TAKE A BOOK, SHARE A BOOK
By Jill Devine
Maureen Cura remembers exactly when and where she was the first time she saw a Little Free Library. It was 2016 and she was attending the National Book Festival in Washington when she spotted a dollhouse-sized wooden box built with the sole purpose of sharing books and spreading a love of reading.
“I thought it was a fabulous idea,” said Cura, who knows a thing or two about books. She’s the school librarian at Sanders Corner Elementary in Ashburn Farm.
You’ve probably spotted one of these charming book cupboards sitting atop wooden posts yourself – there are 12 officially registered Little Free Libraries in the immediate Ashburn area, and dozens more in neighboring communities. Tucked along paths and near parks and community buildings, each box is as unique as the person who created it, but all embrace the slogan – “Take a Book. Share a Book.”
Founded in 2012, Little Free Library is a Wisconsin-based nonprofit devoted to building community, inspiring readers and expanding book access. It has a professional staff of a dozen or so employees plus a worldwide network of more than 130,000 volunteers.
Individuals who put these little libraries in their community are called stewards. Through its website, the organization guides the stewards through the process of building or purchasing a library and registering it for inclusion on the online map.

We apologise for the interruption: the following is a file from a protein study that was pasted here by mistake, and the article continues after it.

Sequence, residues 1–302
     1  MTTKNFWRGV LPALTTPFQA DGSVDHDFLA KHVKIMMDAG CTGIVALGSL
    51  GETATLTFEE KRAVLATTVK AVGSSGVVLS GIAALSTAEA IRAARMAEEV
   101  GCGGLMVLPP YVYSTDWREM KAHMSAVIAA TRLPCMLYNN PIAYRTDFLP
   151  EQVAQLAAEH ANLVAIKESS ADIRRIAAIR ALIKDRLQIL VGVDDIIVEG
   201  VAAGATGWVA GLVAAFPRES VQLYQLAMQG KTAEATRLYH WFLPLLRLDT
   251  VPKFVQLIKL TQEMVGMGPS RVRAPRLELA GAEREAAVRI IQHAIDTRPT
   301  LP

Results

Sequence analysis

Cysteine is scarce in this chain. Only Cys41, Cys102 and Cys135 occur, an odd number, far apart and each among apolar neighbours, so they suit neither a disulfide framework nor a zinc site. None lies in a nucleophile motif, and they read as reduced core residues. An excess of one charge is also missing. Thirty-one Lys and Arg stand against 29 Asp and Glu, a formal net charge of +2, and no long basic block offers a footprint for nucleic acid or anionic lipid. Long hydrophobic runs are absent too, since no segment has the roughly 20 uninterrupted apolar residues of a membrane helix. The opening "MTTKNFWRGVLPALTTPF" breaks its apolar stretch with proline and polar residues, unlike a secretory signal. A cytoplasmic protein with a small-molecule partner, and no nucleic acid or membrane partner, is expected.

Although each little library is unique, collectively they form the largest book-sharing network in the world, with at least 138,000 registered libraries covering all seven continents, 112 countries and every U.S. state. The organization estimates that more than 250 million books have been shared through its registered libraries. There’s even a Little Free Library at the South Pole, inside the National Science Foundation’s Atmospheric Research Observatory in Antarctica, which helps scientific staffers better cope with the long, dark winters.
On a recent winter afternoon, Andreas Schmidt and Devin Chicas were standing in front of Belmont Station Elementary as the dismissal bell rang. They were waiting for his two sons, ages 7 and 9, in a grassy area near the sidewalk. Next to them was a recently installed Little Free Library, brimming with titles from kids’ series such as “The Hardy Boys,” “Dr. Seuss” and “Arthur.”
“This is great,” Chicas said. “Kids go through books so quickly, and they don’t need to keep them as they progress. This lets others have a chance to read them when done, and it’s so convenient having it near where the kids walk to and from school.”
Cura, the Sanders Corner librarian, was smitten with the idea of a little library and knew it could benefit her students and the surrounding community. She used funds from the school’s used-book fair to buy an unfinished Amish-built library from the Little Free Libraries website store. The site offers plans and instructions for constructing a library from scratch, ready-to-build kits and even fully finished units that just need to be installed.